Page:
Neal Manne, managing partner of Susman Godfrey. handout

Neal Manne

a managing partner, Susman Godfrey, Houston

In Harris County, as of this June, no money is longer required up front for release of any misdemeanor arrestee who is indigent and who is not subject some other hold, such as an immigration-related one.

Thank Neal Manne, a managing partner at Susman Godfrey, for that change. In April, Manne won for his clients a monumental ruling from a Houston federal judge that led to the release thousands of people jailed for minor offenses who are stuck behind bars for no other reason than they are poor.

U.S. District Judge Lee Rosenthal found that the bail system used in Harris County violated the due process and equal protection rights of indigent people arrested for minor offenses. Her decision emphasized that Texas’ largest county detained 40 percent of people who were arrested for misdemeanor offenses such as driving without a license and that poor people are often jailed for days and weeks at a time because they can’t pay for a bond to secure their appearance in court.

Rosenthal issued an order in the case, O’Donnell v. Harris County, barring Harris County from detaining misdemeanor defendants who are eligible from release from jail but are unable to do so because they can’t afford bail.

Following her April ruling, Harris County has tried to fight it but has not succeeded so far. The U.S. Fifth Circuit Court of Appeals denied in early June its motion for a stay pending appeal. Harris County then also failed to get a stay from the U.S. Supreme Court.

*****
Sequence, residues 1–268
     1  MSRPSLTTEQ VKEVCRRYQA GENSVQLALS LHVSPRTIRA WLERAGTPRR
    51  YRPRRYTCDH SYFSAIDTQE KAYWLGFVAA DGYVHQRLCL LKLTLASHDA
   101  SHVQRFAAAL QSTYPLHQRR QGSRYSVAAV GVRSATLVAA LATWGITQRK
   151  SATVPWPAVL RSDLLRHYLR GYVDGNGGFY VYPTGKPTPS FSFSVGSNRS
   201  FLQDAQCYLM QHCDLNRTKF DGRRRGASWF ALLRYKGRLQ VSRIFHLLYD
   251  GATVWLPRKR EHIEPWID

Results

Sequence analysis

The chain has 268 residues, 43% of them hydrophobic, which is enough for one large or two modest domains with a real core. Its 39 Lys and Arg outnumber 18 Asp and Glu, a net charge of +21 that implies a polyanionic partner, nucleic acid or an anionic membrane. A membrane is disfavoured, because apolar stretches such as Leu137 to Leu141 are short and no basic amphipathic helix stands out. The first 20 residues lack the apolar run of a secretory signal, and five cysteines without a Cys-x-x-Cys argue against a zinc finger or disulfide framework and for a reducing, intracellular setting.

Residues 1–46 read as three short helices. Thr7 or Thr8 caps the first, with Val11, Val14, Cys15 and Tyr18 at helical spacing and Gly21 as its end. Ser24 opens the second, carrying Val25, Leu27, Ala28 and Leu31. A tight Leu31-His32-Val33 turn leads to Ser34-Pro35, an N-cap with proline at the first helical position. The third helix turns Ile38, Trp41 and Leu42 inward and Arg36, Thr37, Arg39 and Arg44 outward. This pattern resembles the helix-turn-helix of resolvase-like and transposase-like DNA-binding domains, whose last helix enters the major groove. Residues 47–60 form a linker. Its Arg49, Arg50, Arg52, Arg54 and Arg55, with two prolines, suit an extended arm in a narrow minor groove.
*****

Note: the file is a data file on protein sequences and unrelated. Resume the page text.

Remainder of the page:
Although the County’s merit-based challenge is still pending, plenty of respectable voices have sided with Manne’s clients. Among the amicus briefs filed in favor of his clients are ones from: The American Bar Association, more than five dozen former and current federal and state prosecutors, a group representing law enforcement and correction officials, the National Association of Pretrial Services Agencies and many more. Even one of the Harris County District Judges whom Manne’s clients initially named as a defendant “now says we were right,” Manne noted.

Manne’s victory came after an eight-day trial in March, which included nearly 300 written exhibits, 2,300 video recordings of bail-setting hearings conducted in Harris County and 13 witnesses, including four experts.

Manne’s pro bono representation of the plaintiffs class will likely make a significant impression on county officials nationwide since Harris County operates the third largest jail in the United States and Manne’s case represents the first time issues about holding indigent misdemeanor arrestees because they can’t pay bond have been presented at a trial.

“The judge’s ruling is obviously a landmark decision. It’s 193 pages and it pretty much dismantles all of the justifications the judges and the county had used,” Manne told Texas Lawyer shortly after Rosenthal’s ruling.

“I think it’s going to change things in Harris County and indirectly change things across the country. In any jurisdiction in any state where this issue is raised, the first thing any judge is going to do is read Judge Rosenthal’s magnificent opinion,” Manne added about his win.